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Smaller schemes should prove their value to savers or wind up

by LLB Finance Reporter
23rd Sep 21 12:41 pm

Smaller defined contribution (DC) pensions schemes are reminded they must prepare a more rigorous value for money (VFM) assessment in line with regulations coming into force with effect from next month (1 October).

The regulations mean trustees of DC schemes with less than £100 million in assets must compare their scheme’s costs, charges and investment returns against three other schemes. They must also carry out a self-assessment of their scheme’s governance and administration in line with seven key metrics.

These schemes will have to report the outcome of this assessment in their annual chair’s statement and provide the findings to The Pensions Regulator (TPR) in a scheme return.

Where trustees fail to demonstrate their scheme offers value, they will be expected to wind up and transfer their members into an alternative scheme. If they do not propose to do this, they must explain why and what steps they are taking to ensure their scheme does offer value.

To help schemes prepare the new assessment, TPR has updated several pages of its guidance. This includes the value for members guide.

David Fairs, TPR’s Executive Director of Regulatory Policy and Advice, said: “The success of automatic enrolment has seen more people than ever before saving into defined contribution pension schemes.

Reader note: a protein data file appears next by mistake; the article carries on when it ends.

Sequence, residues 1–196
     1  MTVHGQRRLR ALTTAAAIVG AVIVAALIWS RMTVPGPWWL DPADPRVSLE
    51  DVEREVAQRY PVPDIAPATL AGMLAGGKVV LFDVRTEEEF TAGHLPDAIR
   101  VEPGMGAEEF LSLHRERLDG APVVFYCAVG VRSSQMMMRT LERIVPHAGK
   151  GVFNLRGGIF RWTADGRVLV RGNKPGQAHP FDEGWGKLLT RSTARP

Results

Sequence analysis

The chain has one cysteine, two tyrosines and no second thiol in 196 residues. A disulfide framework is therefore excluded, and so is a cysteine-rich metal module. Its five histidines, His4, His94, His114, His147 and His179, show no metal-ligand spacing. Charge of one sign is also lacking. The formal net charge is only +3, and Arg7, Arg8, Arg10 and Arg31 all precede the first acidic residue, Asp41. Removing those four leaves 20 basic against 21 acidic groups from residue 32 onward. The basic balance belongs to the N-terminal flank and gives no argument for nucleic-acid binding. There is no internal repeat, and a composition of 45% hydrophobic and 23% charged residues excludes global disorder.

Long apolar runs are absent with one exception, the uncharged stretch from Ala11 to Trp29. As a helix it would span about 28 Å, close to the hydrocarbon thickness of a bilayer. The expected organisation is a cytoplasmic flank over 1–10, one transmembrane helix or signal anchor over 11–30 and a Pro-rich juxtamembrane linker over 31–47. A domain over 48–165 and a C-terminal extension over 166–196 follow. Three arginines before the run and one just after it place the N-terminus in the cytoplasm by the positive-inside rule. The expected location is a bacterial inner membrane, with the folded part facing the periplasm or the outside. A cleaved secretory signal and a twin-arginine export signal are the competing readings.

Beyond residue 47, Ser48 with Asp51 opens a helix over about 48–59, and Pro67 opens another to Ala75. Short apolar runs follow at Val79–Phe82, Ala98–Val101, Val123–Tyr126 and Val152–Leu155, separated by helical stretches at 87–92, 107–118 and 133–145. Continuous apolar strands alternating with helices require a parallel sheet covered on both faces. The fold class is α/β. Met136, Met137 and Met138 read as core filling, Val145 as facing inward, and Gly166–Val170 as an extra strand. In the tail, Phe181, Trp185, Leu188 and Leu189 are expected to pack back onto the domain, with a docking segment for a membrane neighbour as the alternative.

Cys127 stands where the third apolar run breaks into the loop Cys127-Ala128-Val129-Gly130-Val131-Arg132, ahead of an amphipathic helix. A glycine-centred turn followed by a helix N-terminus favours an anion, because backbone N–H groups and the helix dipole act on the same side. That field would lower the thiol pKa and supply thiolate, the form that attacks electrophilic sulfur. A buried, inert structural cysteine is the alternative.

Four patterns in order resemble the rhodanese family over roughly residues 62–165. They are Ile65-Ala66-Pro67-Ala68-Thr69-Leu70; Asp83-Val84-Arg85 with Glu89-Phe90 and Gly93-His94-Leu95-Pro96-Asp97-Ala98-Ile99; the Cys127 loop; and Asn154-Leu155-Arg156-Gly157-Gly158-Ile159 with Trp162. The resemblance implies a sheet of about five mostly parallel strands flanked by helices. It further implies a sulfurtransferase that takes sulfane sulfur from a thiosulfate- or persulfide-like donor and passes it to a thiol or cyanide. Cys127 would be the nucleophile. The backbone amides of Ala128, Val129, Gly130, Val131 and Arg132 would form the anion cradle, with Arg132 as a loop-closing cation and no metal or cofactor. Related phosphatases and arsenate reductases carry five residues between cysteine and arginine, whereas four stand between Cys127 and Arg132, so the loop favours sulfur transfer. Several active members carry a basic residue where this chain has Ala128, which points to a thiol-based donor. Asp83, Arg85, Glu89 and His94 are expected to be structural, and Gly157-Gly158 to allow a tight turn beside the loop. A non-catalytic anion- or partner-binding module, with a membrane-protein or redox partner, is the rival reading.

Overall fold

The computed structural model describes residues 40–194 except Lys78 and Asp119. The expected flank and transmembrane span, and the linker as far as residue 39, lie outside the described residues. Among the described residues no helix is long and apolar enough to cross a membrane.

“These millions of savers should benefit from the best retirement outcome possible. To ensure this, savers must not be left languishing in poorly governed schemes which do not offer the same value as larger schemes.

“Where smaller schemes are not able to demonstrate they provide this value it’s right they either wind up or take immediate action to make improvements.”

Value for members assessment

The more detailed assessment will see smaller schemes assess the quality of their administration and governance with reference to seven key metrics and compare their costs and charges and net returns against three other schemes.

The requirement will apply to schemes that have:

  • less than £100 million in total assets according to the most recent audited accounts (for hybrid schemes total assets will include the defined benefit element)
  • been in operation for at least three years
  • not notified TPR they are in the process of winding up
  • a most recent year-end that falls after 31 December 2021

Wind up

Trustees of schemes that started to wind up before the deadline for their chair’s statement do not need to prepare a more detailed value for members assessment provided they have notified TPR of their scheme’s new status.

Until the scheme is formally wound up, trustees must continue to prepare a VFM assessment in the format which they have done so to date and continue to provide an explanation of this assessment in their chair’s statement. They must also explain why they’re not carrying out the more detailed version.

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